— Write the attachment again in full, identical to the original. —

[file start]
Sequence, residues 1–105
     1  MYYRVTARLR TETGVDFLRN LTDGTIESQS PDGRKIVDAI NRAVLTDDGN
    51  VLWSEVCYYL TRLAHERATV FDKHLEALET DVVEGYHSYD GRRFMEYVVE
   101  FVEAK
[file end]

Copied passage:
Sequence, residues 1–105
     1  MYYRVTARLR TETGVDFLRN LTDGTIESQS PDGRKIVDAI NRAVLTDDGN
    51  VLWSEVCYYL TRLAHERATV FDKHLEALET DVVEGYHSYD GRRFMEYVVE
   101  FVEAK